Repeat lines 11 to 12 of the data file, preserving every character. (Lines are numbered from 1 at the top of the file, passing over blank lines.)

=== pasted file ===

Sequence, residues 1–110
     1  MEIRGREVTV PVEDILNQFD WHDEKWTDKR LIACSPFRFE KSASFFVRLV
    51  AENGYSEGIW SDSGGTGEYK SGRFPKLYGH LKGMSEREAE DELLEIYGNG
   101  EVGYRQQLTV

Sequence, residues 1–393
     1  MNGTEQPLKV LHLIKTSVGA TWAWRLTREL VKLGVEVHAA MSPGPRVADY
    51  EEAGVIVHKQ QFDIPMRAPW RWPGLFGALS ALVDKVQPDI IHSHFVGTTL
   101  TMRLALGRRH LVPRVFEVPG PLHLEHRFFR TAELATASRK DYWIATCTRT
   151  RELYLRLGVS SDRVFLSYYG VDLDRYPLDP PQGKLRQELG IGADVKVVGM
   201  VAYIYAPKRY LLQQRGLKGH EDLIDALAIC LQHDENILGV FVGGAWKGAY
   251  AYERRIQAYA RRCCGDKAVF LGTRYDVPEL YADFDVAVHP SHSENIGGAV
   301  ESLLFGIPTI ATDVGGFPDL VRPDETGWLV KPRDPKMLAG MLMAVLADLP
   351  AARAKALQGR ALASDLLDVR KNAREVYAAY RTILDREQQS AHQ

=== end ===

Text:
   251  AYERRIQAYA RRCCGDKAVF LGTRYDVPEL YADFDVAVHP SHSENIGGAV
   301  ESLLFGIPTI ATDVGGFPDL VRPDETGWLV KPRDPKMLAG MLMAVLADLP